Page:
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defective drugs and medical devices Archives

High cost in suffering from defective drugs and medical devices

When a doctor or surgeon recommends a specific medication or medical device, most patients in Tennessee trust in that health care provider's knowledge and expertise. Sometimes, unfortunately, unbeknown to doctors, that very same medication or device that is intended to save a life or improve the health of patients is, in fact, faulty or even dangerous. When defective drugs and medical devices cause harm to patients, shouldn't someone be held responsible for the suffering that results?

Xarelto to join long list of defective drugs and medical devices

Many residents of Tennessee likely either rely on prescription medications or medical devices themselves or know someone who does. Such items and medicines are supposed to help keep people healthy. Frighteningly, sometimes, the opposite occurs, and defective drugs and medical devices instead cause even more health problems for patients.

Defective drugs and medical devices frequently claim lives

Many individuals in Tennessee and around the country rely on medical devices and medications for their health and well-being. When this faith is misplaced, the consequences of defective drugs and medical devices prove tragic far too often. In another state, for example, a contaminated laxative allegedly led to the death of an infant girl, and the family has filed a lawsuit against the drug manufacturer.

Defective drugs and medical device cost Medicare billions

Despite a sharp increase in recalled medical devices during the first part of the 2000s, the federal government claims that it does not have adequate data that is needed to track problem devices. Despite this claim, Medicare recently disclosed that it spent $1.5 billion on defective cardiac devices in a single decade. Defective drugs and medical devices are much more than a financial drain; they are also a serious threat to the health and well-being of Tennessee patients.

Defective drugs and medical devices can cause grave injury

Drug companies and the manufacturers of medical devices have a legal responsibility to make certain the products they create and sell are both safe and medically sound. Too many residents of Tennessee rely on these substances and items, often at the advice of their doctors; patients count on these things to improve their health and well-being. When defective drugs and medical devices cause serious injury, the results can prove catastrophic, if not fatal.

Judge says legal process may continue re defective medical device

Anyone in Tennessee who has undergone a medical procedure to insert a cardiac defibrillator machine as treatment for a heart condition may want to pay close attention to an ongoing situation in another state. A man has filed a lawsuit against St. Jude Medical manufacturing company regarding an allegedly defective medical device that he says caused him injury. The manufacturer of the device has already settled a slew of lawsuits surrounding the product in 2015, before another company took over its ownership.

Learned intermediaries: Can they prevent defective drug injuries?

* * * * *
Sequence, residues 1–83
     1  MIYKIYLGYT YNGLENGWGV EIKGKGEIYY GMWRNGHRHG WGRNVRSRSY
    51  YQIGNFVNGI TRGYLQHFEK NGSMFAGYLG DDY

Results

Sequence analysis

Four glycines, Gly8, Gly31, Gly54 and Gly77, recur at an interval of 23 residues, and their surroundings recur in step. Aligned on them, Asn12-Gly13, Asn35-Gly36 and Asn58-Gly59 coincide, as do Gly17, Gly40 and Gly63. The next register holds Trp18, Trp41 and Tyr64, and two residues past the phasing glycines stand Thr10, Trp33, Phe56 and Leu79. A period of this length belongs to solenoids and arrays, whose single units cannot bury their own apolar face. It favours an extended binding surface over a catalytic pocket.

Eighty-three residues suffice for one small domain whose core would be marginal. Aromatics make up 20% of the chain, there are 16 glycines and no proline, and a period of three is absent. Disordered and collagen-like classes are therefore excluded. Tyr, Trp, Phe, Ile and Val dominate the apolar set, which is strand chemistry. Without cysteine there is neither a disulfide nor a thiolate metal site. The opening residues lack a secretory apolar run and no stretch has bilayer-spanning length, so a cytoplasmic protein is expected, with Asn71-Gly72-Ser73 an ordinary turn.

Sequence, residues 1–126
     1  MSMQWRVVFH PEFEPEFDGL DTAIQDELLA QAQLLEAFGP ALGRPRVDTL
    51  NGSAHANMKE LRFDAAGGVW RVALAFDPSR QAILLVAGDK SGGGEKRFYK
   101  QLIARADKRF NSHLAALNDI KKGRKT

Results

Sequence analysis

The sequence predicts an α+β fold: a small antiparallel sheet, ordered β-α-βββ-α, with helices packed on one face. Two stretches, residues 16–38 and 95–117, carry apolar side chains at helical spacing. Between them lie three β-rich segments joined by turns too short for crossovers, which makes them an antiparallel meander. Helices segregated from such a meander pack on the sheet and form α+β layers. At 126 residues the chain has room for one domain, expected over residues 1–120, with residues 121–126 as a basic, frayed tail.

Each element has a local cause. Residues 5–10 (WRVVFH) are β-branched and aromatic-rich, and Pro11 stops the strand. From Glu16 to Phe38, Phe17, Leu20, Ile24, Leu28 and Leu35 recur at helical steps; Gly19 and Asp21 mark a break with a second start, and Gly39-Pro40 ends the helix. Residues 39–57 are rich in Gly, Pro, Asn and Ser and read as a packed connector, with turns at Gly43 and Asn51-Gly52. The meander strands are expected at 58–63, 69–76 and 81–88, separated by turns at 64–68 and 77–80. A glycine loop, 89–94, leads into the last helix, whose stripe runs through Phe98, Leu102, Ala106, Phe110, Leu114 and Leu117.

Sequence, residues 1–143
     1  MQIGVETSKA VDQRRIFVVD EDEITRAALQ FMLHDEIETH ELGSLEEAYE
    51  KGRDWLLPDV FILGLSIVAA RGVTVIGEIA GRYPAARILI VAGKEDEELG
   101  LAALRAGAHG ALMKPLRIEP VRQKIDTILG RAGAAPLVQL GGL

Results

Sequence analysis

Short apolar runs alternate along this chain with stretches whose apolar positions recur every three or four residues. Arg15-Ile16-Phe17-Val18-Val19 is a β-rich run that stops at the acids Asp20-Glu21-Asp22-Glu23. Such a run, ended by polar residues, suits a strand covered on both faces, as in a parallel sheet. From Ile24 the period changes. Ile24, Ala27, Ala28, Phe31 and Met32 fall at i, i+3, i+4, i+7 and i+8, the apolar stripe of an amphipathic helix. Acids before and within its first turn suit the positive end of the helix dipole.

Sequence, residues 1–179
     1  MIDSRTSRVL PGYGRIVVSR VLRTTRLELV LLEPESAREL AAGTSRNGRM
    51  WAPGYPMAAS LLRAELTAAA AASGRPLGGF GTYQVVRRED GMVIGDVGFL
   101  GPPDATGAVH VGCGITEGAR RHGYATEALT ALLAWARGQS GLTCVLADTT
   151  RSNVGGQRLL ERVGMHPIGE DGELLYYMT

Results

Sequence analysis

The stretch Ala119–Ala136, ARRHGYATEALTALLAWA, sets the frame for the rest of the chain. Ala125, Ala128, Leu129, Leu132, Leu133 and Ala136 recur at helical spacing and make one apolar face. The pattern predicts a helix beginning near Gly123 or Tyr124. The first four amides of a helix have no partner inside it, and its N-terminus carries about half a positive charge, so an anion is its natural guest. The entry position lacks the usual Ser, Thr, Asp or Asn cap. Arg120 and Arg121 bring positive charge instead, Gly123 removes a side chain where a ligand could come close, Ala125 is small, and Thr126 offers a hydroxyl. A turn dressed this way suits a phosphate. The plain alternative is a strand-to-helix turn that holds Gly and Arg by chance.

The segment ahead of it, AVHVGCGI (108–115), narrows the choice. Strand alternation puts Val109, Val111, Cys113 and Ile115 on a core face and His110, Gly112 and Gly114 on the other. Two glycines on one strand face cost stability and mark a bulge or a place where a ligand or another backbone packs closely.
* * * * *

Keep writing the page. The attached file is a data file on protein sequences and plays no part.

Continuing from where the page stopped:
When someone visits a Tennessee doctor's office seeking help for a particular medical condition, a doctor might prescribe medication at some point. Before the patient gets the prescription filled, a nurse might provide basic instructions on how to properly use the medication. This may also happen again at the pharmacy, with the person dispensing the medication alerting the patient to possible side effects or offering printed information about the medication at the point of sale. When a defective drug causes injury or illness, any of these people, otherwise known as learned intermediaries, may be potentially liable.

Cancer patient's parents accuse hospital of medical malpractice

In June 2016, a state on the West Coast enacted a new law concerning a highly controversial and much debated topic: assisted suicide. There is no current law in Tennessee allowing medical doctors to assist terminally ill patients to take their own lives; however, based upon the new law that was implemented in this other state, a cancer patient apparently requested the hospital's assistance so she could die. Her parents have since alleged that the hospital committed medical malpractice.

Defective drugs and medical devices laws often change

Many Tennessee residents use prescription drugs or other procedures that include insertion of various devices that are meant to help improve their health conditions. Although it's impossible to predict a particular outcome, and whether a specific drug or device will help solve a particular problem, patients assume their doctors have their best interests at heart and are acting accordingly. All too often, however, defective drugs and medical devices wreak havoc across the nation when patients suffer severe injuries (or even death) in situations that may have been prevented.

Defective drugs and medical devices: Is marketing a key factor?

Many Tennessee residents may recall the tobacco crisis of the 1990s. That particular decade abounded with lawsuits against tobacco manufacturers and sales distributors who claimed they were fully aware of the health risks associated with tobacco products, but failed to properly inform consumers. Some current problems concerning defective drugs and medical devices appear eerily similar to the tobacco litigation of an earlier era.

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